Tuesday, 4 October 2011

Mental Health and Suicide

I was watching the CBC National news the other night where there was an in-depth piece on youth suicide and calls for "mental health" curricula in Canada's schools. As much as I feel for the families who've lost loved ones to suicide and especially the father of the 11 year old with MS who died because of bullying, I'm very concerned about formalizing a "mental health" curriculum.

In Nunavut I'm sure all Inuit have felt the devastation of suicide by a family member, siblings and friends (note, both in the plural) who choose to take their own lives. But I don't think much that suicide-by-Inuit have to do with "mental illness" per se but rather like the NHLer who committed suicide recently have more to do with dismal life prospects and being overwhelmed by feelings of not being equipped to deal with life of poverty, feeling stuck in a community, and general malaise brought about by under-education.

I don't think suicide can be approached directly. In fact, "professionalizing" mental illness makes things much worse because a piece of paper does not mean one is an expert in mental health (much of the field deals with pathological problems rather than health choices and healthy living). Once someone is told and suggested that something is "wrong" with them the label becomes almost impossible to get out of, and many, many people cannot survive such labels by professionals.

The problem rather, I surmise from our problems in the aboriginal communities, has to do with how our children are taught. The school systems assume a universalist, secular education which mistake liberal arts education and ethical discourse as almost an evil; dedicated space for self-examination and reflection on value systems have little or no room in the classrooms. In this age of cartoon, "reality shows" and video-games violence our children are not psychologically equipped to deal with what is and is not reality and what society reasonably expects from them as functioning members of their communities. So in effect and consequence our children are raising each other in a world, a subculture that can be extremely violent, vain, short-sighted and brutish.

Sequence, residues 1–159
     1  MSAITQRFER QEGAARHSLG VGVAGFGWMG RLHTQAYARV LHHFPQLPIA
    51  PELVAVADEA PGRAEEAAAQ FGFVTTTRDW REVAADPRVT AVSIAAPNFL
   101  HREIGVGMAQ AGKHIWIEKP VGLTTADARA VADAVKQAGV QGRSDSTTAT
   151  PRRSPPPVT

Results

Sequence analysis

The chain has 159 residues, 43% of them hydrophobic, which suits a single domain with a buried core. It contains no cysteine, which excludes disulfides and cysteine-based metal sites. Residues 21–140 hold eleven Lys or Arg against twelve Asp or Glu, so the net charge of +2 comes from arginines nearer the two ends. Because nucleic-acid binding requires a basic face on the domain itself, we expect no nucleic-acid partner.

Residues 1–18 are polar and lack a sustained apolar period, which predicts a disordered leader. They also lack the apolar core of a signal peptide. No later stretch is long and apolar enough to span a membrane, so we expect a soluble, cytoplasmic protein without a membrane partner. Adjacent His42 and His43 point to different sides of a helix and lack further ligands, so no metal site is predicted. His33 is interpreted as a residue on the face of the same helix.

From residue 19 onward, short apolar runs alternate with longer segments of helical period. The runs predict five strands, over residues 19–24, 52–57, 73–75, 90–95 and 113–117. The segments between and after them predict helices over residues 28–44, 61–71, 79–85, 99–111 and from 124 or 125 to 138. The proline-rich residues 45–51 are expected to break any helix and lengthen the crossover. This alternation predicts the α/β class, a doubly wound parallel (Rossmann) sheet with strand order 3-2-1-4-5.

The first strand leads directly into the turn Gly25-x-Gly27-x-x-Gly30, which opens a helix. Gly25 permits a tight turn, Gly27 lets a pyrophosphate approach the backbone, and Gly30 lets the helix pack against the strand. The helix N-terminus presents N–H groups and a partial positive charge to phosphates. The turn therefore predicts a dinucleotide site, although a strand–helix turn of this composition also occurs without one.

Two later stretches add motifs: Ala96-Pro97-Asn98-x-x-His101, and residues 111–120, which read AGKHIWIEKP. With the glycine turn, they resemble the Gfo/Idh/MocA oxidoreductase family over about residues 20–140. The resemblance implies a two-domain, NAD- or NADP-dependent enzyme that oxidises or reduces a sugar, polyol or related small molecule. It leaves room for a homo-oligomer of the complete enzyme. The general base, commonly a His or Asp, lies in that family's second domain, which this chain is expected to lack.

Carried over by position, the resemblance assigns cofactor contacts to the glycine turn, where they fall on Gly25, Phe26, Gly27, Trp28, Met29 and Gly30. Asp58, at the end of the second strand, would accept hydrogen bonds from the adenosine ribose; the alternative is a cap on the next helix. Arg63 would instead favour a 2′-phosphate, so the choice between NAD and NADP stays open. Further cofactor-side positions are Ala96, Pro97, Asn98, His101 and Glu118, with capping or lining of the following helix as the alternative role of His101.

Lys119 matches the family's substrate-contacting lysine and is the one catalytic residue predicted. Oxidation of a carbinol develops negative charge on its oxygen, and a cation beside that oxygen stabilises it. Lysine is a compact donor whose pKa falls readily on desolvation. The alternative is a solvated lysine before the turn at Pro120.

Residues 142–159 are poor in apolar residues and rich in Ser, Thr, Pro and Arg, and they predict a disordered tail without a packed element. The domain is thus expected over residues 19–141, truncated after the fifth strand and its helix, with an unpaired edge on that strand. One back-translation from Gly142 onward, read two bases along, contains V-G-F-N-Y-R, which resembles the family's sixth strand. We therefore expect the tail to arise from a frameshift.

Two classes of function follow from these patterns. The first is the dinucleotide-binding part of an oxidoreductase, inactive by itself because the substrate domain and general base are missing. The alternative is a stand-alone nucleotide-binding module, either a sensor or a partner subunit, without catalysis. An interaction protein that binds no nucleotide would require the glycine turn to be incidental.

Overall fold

I have not seen or heard of one school that tried to adapt to counter these factors in a serious and long-standing way. It seems so much more politically convenient to come up with suicide prevention strategies than to examine the root causes for violence, social dysfunction, and suicide (that which ferment and arise from the invisible world of children).

Social conservatism belittles and mistrusts popular culture and lump it into one big, undesirable blob when so much of it is created by very insightful and thoughtful social commentators that are the serious artists of our day. Doing this belittles the feelings and truths of their own children and closes off their means and methods of self-expression. Even the least of us feels that we have a story to tell; taking our voice away is criminal, nay unforgivable. Even more so to deny moral and ethical guidance to shape and inform the growing minds of our children in a safe environment when and while self-expression is the most important thing. The only thing.

A liberal arts education creates well-roundedness in those educated in it. But it's something not really amenable to easy compartmentalization such like shop, physical ed, music, language arts because grading ethical and moral fortitude is impossible. Though choice of topics for language arts is the foundation of liberal arts and taking shop could develop a sense of self-sufficiency and creativity given only its regard by the teachers.

Bringing the "experts" in now will destroy any chance of our children's sense of well-being, and they'll forever become ghosts floating and drifting through life who are extremely conversant in psycho-babble and making up excuses for behaving if not badly then aversed to self-improvement.

Jay

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